# Abstract

The entanglement Hamiltoian, $H_E$ is related to the reduced density matrix associated with a sub-system A as: $\rho_A = e^{-H_E}$. An interesting question is (a) how local $H_E$ is, and (b) how is it related to the local Hamiltonian density of the system, $\mathcal{H}(x)$. It has been mathematically shown in the context of black-hole physics that for quantum systems with conformal symmetry, or those with Lorentz symmetry but at zero temperature, $H_E$ is local and can be written as $H_E = \int_{x\in A} dx \mathcal{H}(x)/T(x)$. In this expression $T(x)$ is a local temperature that diverges as $1/x$ near the entangling surfaces. This particular form of $H_E$ is known as the Rindler Hamiltonian.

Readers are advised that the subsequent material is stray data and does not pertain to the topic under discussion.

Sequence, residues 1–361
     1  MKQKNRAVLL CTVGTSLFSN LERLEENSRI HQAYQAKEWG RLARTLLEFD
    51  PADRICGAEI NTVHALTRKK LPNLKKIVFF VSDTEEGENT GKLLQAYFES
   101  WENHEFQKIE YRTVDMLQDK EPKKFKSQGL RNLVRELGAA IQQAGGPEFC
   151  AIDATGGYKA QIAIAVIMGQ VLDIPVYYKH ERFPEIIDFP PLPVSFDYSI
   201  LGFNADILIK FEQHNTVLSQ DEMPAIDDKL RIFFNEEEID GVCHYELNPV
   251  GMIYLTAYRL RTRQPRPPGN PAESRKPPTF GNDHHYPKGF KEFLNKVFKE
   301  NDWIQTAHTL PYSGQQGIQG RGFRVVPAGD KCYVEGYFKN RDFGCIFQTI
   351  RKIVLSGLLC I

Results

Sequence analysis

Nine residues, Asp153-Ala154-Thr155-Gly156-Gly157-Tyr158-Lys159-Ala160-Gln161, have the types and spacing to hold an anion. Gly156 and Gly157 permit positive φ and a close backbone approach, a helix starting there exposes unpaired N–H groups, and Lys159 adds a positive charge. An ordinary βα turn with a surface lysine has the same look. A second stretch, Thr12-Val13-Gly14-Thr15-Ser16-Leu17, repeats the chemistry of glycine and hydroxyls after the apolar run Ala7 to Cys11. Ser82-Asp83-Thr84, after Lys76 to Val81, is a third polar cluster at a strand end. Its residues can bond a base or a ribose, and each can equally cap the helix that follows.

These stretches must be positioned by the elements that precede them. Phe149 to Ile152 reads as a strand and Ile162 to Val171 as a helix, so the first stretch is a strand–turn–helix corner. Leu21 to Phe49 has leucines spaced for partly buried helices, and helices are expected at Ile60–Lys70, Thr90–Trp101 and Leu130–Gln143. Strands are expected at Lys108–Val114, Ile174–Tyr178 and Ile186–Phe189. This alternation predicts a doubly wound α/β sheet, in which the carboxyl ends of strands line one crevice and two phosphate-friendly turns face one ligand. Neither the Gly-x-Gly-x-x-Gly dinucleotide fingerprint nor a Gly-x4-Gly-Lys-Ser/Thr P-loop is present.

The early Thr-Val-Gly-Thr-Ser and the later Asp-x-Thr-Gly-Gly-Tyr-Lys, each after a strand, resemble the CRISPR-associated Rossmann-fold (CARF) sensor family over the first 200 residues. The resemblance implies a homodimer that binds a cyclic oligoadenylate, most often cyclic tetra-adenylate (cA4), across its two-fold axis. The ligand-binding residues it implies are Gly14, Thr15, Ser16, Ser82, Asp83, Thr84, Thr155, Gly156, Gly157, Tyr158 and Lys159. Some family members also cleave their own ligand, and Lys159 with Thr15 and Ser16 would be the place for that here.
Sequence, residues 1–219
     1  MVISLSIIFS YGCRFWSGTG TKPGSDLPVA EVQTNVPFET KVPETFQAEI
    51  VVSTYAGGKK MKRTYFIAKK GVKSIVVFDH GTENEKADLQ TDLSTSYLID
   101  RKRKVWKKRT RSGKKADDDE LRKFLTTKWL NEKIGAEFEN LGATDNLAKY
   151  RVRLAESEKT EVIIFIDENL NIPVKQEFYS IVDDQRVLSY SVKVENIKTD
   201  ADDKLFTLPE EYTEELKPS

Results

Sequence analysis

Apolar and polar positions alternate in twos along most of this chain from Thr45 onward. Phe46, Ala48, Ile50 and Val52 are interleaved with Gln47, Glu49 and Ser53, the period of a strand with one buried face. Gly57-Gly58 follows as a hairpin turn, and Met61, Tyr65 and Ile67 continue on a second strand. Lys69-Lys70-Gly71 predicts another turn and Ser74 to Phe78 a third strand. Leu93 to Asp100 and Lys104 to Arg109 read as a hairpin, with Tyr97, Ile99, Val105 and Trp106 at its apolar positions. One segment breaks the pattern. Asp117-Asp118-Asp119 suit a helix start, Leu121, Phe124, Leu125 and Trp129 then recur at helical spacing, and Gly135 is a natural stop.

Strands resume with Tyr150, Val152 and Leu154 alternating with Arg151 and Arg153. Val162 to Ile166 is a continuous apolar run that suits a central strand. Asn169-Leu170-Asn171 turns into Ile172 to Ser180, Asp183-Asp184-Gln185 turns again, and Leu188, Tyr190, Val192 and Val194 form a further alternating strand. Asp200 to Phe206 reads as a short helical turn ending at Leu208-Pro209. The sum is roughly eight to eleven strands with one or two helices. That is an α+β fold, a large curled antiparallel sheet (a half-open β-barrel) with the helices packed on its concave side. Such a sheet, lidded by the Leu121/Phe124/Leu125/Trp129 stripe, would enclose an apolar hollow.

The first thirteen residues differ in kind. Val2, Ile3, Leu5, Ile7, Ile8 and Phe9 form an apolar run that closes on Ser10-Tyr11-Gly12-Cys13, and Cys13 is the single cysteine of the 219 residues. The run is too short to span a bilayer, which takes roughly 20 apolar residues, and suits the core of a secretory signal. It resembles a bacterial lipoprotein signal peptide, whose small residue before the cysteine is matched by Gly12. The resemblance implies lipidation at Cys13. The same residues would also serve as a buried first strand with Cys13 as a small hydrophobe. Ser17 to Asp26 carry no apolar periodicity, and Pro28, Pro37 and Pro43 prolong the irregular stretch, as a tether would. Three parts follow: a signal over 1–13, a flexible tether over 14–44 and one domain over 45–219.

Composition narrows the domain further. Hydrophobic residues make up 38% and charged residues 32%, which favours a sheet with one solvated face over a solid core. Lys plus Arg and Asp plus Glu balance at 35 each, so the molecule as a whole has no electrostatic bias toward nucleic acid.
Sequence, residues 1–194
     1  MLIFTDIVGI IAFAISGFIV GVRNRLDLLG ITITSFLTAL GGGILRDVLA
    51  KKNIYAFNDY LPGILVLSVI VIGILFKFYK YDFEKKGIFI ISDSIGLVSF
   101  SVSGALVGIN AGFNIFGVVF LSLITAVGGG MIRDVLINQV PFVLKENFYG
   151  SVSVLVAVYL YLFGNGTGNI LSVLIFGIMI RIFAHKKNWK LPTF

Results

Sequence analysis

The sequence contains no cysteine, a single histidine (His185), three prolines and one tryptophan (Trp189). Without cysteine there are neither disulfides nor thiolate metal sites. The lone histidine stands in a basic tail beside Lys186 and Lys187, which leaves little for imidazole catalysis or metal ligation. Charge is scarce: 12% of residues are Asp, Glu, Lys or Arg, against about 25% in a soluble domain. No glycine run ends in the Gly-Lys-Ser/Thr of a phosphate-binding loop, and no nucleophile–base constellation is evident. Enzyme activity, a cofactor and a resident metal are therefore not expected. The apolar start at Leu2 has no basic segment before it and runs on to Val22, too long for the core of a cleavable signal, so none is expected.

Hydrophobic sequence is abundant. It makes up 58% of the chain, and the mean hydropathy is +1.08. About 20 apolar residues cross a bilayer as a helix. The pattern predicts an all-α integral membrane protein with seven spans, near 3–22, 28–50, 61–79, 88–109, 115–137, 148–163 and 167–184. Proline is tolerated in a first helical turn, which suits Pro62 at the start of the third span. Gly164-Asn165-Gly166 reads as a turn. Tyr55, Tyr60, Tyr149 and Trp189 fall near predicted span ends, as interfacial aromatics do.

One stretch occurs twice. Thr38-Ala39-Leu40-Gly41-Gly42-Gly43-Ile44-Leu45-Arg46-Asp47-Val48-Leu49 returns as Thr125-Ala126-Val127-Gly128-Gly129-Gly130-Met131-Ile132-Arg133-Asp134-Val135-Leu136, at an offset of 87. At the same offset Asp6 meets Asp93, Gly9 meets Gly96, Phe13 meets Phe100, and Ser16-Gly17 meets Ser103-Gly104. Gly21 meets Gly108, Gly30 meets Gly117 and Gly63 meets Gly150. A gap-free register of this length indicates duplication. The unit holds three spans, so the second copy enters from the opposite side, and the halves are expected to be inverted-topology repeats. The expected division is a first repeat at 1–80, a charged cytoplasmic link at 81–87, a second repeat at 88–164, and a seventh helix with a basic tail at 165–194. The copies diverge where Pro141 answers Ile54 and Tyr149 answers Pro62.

We use perturbation theory as well as quantum Monte Carlo calculation and discuss $H_E$ in the following situations: (a) massive theories with neither conformal nor Lorentz symmetry, (b) low temperature thermal states, and (c) non-smooth or singular entangling surfaces. In all of these cases, we see that $H_E$ can still be expressed in the Rindler Hamiltonian form, albeit by choosing a proper profile for $T(x)$.  Our findings can help us to understand quantum entanglement better and develop more efficient numerical algorithms accordingly.

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